Movie News & Reviews

'Did You Hear About the Morgans?': Don't ask

Sandra Bullock hitched her career to writer and later writer-director Marc Lawrence when he scripted Forces of Nature. She stayed with him through the Miss Congeniality hits and up to Two Weeks Notice (2002). Then Bullock weaned herself from Lawrence's brand of gimmicky, wan and witless comedies and lived to stage a comeback this year.

But Bullock passed Lawrence, like a bad penny, to Hugh Grant, her co-star in Two Weeks Notice. And Grant can't seem to kick the Lawrence habit.

Did You Hear About the Morgans?, Grant's third film with Lawrence, might be his overdue intervention. Unfunny and tone-deaf, it pairs Grant with Sarah Jessica Parker, with whom he has no chemistry, and it gives neither of them anything funny to say or play.

She's Meryl Morgan, a star of the New York real-estate market. He's Paul Morgan, a rich lawyer. They have assistants (Elisabeth Moss of Mad Men and Jesse Liebman) who hate each other, too. They're separated. He's trying to get her back. But he cheated, and she's not having him.

Darned if his one shot at a reconciliation dinner doesn't end with a murder that they witness. Because the killer is on the loose, the feds ship them off: "Witness Relocation Program" slickers hiding amongst the red-state rubes of Ray, Wyo. The first people they meet are the law enforcement couple who will be their hosts, played by a twinkly Sam Elliott and a pistol-packing Mary Steenburgen.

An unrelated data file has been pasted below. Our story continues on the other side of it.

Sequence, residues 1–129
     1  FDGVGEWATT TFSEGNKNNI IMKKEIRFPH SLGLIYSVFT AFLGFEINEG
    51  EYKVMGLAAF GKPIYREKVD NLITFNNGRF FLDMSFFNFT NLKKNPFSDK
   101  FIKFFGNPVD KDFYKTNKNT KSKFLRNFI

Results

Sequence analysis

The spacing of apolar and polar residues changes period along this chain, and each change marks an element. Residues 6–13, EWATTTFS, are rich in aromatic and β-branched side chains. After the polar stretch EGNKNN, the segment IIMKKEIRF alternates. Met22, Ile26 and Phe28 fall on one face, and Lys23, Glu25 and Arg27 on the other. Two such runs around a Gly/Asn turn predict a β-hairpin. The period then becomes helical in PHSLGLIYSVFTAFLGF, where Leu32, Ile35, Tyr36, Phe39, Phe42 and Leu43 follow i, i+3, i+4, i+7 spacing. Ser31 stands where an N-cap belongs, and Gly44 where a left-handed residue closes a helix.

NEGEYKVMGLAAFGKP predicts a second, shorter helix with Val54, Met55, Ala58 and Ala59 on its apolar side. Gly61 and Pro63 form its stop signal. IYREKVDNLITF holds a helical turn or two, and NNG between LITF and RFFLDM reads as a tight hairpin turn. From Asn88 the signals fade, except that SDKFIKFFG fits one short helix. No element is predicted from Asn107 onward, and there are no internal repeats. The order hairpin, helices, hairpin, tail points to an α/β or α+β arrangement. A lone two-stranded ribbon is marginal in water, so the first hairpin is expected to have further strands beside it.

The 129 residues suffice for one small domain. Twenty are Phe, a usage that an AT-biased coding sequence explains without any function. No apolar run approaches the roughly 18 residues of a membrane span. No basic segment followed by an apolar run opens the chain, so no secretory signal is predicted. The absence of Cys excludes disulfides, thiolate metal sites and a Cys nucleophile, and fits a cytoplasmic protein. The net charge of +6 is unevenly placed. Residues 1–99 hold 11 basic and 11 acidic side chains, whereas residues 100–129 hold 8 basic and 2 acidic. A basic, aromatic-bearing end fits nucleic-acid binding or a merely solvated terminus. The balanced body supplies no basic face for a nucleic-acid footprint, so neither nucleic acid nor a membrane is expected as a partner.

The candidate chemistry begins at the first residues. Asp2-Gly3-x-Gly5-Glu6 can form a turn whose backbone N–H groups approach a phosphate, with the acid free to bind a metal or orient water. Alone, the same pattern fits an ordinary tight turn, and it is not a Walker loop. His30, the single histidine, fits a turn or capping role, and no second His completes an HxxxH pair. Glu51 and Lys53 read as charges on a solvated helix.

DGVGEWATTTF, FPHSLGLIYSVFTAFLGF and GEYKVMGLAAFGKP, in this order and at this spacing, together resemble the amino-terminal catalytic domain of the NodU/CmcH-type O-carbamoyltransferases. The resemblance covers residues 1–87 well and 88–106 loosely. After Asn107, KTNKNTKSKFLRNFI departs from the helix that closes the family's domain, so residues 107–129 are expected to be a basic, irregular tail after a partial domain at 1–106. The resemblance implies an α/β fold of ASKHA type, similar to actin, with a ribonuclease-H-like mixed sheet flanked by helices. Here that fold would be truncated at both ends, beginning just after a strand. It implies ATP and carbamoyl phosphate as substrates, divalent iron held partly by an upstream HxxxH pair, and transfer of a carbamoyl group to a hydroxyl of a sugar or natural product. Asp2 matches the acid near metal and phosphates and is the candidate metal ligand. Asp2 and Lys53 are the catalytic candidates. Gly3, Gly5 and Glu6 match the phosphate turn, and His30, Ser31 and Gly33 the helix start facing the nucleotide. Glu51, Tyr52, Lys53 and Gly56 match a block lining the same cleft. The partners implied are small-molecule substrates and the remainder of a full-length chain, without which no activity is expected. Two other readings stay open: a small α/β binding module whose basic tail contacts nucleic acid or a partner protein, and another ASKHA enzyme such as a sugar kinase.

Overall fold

Most of the movie is made up of pained conversations about trust between two people who don't click on any level. Between heart-to-hearts, they make tired observations about life outside of New York.

"I can't breathe," Meryl wheezes. "The air's too clean!"

The only moments that have a prayer of clicking in this fish-out-of-water comedy concern the few good actors in supporting roles — grizzled Elliott, common-sense Steenburgen and Wilford Brimley, local grump, true Westerner and hater of big-city Democrats.

Lawrence's recycled observations of the virtues of rural life, his struggles to find something funny about local "types" (an unworldly doctor and his naïve nitwit nurse) and his "grizzly encounter" scene are painful to watch. The way this witless Witness works is that the hit man tracks them down to Wyoming, but Lawrence fails to find humor or menace in that. His ineptitude extends to knowing when to end this too-predictable fiasco.

With luck, Grant, whose options on the romantic comedy front have narrowed, will finally snap out of it after this Lawrence phase. The best thing that could happen to Hugh is if nobody hears about The Morgans.

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